Mike is studying Social and Human Services at Seattle Central Community College, and the recipient of SEA’s 2010 Student Activist Award for his work empowering homeless youth and young adults in the U District.
Mike grew up in a low income family in Alaska; his mother left when he was three, and his father raised Mike and his younger brother on his own. After Mike’s dad became disabled it became harder and harder to make ends meet. “When I was thirteen I had to go live with my aunt for six months because there was no power in the house and the state was getting ready to take me away,” Mike told the SEA staff in a recent interview. “By that time my little brother was already in juvenile detention. When I got back to Alaska my dad and I couch surfed for awhile, and then lived in a car for the summer. We still didn’t have a place to live when school started, so he brought me to the Division of Family and Youth Services and told me that he would rather see me in foster care than drop out of school.” Mike was 14 and ready to start ninth grade.
Up until that time Mike had been doing well in school; his father was poor but loved his son. Entry into the foster care system made a bad situation worse. “At first they placed me in an emergency shelter for homeless youth in downtown Anchorage,” Mike says. “I was one of the youngest kids there, and the older kids taught me a lot about drugs, alcohol, breaking the law. It was pretty crazy, and I was angry at my dad for bailing on me.” Over the course of the next year, Mike would be put in six different foster care placements, bouncing between foster families, group homes, and juvenile detention. “By the time I was 15 I was doing a lot of drugs,” Mike says. “I was running away and couch surfing with friends. Then my social worker gave me an ultimatum: either go to yet another emergency foster home or juvenile detention. The ultimatum approach didn’t work that well,” he said grinning. “I decided I would rather be on my own.”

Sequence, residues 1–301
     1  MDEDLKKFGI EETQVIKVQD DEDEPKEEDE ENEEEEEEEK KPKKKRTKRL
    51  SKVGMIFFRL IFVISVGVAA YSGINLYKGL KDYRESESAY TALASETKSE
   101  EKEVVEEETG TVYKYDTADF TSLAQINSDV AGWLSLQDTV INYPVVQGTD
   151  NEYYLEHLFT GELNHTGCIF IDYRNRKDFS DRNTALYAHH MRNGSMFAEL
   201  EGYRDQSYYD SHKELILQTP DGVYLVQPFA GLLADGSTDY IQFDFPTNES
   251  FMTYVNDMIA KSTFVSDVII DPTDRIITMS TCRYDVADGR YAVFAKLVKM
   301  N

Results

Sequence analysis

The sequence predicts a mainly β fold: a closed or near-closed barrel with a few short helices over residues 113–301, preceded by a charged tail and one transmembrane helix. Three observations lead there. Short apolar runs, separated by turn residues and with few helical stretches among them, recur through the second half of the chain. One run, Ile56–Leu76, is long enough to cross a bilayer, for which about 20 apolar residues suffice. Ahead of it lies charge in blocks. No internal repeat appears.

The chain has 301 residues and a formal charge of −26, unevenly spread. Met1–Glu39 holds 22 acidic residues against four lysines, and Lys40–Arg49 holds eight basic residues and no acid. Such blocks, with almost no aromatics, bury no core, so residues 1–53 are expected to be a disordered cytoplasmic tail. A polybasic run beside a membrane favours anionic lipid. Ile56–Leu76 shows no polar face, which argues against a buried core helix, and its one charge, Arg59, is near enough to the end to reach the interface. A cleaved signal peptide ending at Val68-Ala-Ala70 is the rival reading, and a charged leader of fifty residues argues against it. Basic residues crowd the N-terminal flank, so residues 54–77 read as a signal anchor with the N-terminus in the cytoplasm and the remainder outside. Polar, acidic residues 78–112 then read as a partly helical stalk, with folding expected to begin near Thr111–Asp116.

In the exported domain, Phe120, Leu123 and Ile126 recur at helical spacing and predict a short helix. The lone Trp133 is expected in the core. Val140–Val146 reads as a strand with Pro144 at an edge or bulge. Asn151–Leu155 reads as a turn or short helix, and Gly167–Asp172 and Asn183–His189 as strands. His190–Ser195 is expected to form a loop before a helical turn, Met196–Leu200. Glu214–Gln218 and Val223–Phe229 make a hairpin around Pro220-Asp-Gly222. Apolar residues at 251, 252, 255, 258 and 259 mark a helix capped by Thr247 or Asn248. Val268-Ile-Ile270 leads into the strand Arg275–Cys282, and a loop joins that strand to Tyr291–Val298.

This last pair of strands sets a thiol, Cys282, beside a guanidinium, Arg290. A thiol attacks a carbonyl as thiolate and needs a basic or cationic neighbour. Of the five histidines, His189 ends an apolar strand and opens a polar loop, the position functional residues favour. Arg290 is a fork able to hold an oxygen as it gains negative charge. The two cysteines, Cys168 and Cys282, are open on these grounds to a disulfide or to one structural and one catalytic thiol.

Seven months later the social worker finally relented: Mike would be “allowed” to move back in with his father. “But by that time the streets had a pretty good hold on me,” Mike says. He became a father at 16, and tried twice to go back and finish high school, but was not stable enough to succeed there. “My dad couldn’t control me; I think he felt defeated. I did odd jobs, sold drugs, flopped around…I was your typical teenager magnified.” Mike continued to drift in and out of street life for the next ten years – sometimes having a place to live and sometimes not, mostly working, often traveling. “I usually had a job so I usually had a place to crash,” he says. “I would contribute and I had a lot of friends, so it wasn’t hard to find a place to stay. I paid my way and didn’t take advantage of people’s hospitality.”
By 25, Mike was tired of always being on the move and ready to settle down. He moved back to Seattle to live with his girlfriend; he had lived in Seattle several times in the past and had many friends here, including Brittney, an Education Advocate at SEA. “I ran into Brittney while I was job hunting, and she told me that if I was willing to put that much time and energy into looking for work I should think about going back to school,” Mike said. “At the time, I had nothing better to do – it was like sure, why not? But after a quarter, when I found out how much fun college was, and saw that I was getting good grades, I was hooked. I don’t ever want to quit now.” Last quarter, Mike’s GPA was 3.9 and he is on the dean’s list. In addition to being a full time student, Mike works part time at Street Youth Ministry, where he helps homeless youth and young adults. He also volunteers with the Youth Council, which gives homeless youth a collective voice and a pathway to empowerment and social change.
Mike plans on continuing to study social work and his long term plan is to have a job that allows him to change the system, so that social work as it is practiced today is no longer necessary: “I want to help people help themselves so that they are self sufficient and don’t need the system any more,” Mike says. “I’ve been in every system and I know what kids go through. I know how hard it is and how helpless the system makes you feel. Too often social workers don’t help very much – sometimes its more about how to keep getting a paycheck than what’s best for the client.”
“But SEA isn’t like that,” Mike continued. “If it wasn’t for SEA I wouldn’t be in school right now. SEA staff taught me how to work the system, how to navigate the bureaucracy for myself. Brittney ‘took me by the hand’ and showed me how to cut through the red tape and get funding for college, how to register for the right classes. Now I feel confident that I can jump through the hoops myself and get the job done. College is intimidating at first, and having an advocate there showing you how the system works is invaluable.”